Cafetalk Featured Tutor Interview


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Nathaniel Tutor Interview

You can also read in English | 日本語 | 한국어

Q. Hi Nathaniel, how are you? Please tell us a little bit about yourself.

A. Hello! My name is Nathaniel, and I was born and raised in California. I have spent most of my professional life involved in education in one capacity or another. Currently, I am a teacher in the school system for students with moderate to severe disabilities, while also working as private tutor in the evenings and on the weekends. Prior to working in Special Education, I spent over eight years working as an English teacher in Hokkaido and a few years teaching English to immigrants here in the U.S. I’ve always been extremely interested in how language works grammatically and how it is intertwined with culture to become functional. This led me to get my M.A. in TESOL in 2004, while providing me numerous opportunities to teach, study, and live in many interesting places throughout the world. I have been very fortunate to have met so many wonderful people through my interest in language.

Q. You live in California! Could you tell us about your town?

A. I live in Santa Cruz, which is a city of about 50,000 people located near San Francisco, San Jose, and Monterey. Santa Cruz has a bit of everything, from the mountains to the sea. It’s pretty awesome to be able to go for a walk through a redwood forest and then only have to drive a mile or so to get to the beach. It’s a very popular surfing spot and outdoor recreation destination for hiking and mountain biking enthusiasts; in short, there is always something to do here. There is definitely a small town feel here as locals are very interested in promoting local shops, locally produced items, and local artists, musicians, and entrepreneurs. There are lots of fairs, festivals, and other promotions put on throughout the year. Santa Cruz is also a very popular tourist destination, especially during the summer when people from all over the area come to the beaches. There is an amusement park, ‘The Boardwalk’ which has rides and concerts throughout the summer which attract many visitors. I could go on and on, but I hope this gives you a general idea.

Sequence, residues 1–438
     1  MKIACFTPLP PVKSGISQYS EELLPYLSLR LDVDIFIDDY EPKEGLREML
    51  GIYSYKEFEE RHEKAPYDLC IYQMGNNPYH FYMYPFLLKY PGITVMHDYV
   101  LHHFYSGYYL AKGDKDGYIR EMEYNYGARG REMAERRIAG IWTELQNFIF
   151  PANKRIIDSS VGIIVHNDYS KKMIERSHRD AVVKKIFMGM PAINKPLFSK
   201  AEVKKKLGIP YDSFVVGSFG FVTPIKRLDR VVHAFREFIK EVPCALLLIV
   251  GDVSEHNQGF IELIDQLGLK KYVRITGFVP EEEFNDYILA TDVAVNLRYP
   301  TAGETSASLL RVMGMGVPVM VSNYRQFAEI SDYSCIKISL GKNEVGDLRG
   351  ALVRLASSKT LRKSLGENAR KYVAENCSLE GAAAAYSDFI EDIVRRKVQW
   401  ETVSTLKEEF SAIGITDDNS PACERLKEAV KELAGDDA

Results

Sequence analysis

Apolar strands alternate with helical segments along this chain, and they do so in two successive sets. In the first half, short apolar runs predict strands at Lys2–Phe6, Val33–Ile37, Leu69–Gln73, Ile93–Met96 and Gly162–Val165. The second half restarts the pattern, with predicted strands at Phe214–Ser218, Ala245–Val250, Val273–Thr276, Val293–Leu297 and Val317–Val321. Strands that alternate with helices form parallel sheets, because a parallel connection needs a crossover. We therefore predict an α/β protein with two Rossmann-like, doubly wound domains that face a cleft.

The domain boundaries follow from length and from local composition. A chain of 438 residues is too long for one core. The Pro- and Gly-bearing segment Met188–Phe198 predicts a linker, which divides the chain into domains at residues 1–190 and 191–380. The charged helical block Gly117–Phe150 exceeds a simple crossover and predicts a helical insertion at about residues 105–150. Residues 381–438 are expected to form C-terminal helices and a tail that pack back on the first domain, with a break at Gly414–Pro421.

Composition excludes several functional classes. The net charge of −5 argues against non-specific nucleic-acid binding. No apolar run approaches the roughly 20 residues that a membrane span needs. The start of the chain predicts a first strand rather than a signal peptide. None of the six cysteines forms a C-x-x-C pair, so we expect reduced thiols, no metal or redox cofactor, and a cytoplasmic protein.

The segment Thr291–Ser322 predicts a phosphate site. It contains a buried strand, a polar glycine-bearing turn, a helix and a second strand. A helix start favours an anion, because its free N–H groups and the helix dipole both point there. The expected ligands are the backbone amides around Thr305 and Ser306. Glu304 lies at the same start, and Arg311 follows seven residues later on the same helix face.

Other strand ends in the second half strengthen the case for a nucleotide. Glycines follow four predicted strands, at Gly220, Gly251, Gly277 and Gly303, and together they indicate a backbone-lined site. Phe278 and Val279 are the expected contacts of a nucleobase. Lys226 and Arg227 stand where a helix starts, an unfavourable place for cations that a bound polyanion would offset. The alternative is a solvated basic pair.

Q. I think California is good for sightseers. However, there are quite large, so do you have any recommended places for sightseeing?

A. Yes, you are right, California is quite large. There is so much variety, like many places that is becomes difficult to pinpoint any ‘must dos’ for visitors. I guess it depends on how much time you have and what your interests are. Many people are familiar with the Los Angeles and Hollywood and Disneyland sort of thing, so I’ll skip that, but I highly recommend San Francisco to get a big city feel for California. Also, I recommend that people explore the extensive State Park system as there are natural wonders littered throughout the state. Places like Yosemite, Lake Tahoe, Napa Valley, the redwood forests, or many of the beautiful towns and cities along the coast are well worthwhile.

Q. What do you like to do on your holidays?

A. Well, most important is spending time with the family. At least once a year, we like to go on some sort of extended vacation visiting relatives, friends, or some sort of exotic location with nice weather and warm water! More regularly, I enjoy taking advantage of all the wonderful places in my area. I like to go to the beach, camping, hiking, bike riding, snowboarding/skiing, or for drives exploring small towns, parks, or the Missions of California. Other times, I’m content with relaxing with family and friends, going out to fairs, festivals, shows, sporting events or just getting together for BBQs around the fire.

Q. According to your profile, you’ve taught English in Japan for nearly 10 years. How was your life in Japan? Do you have any unforgettable stories?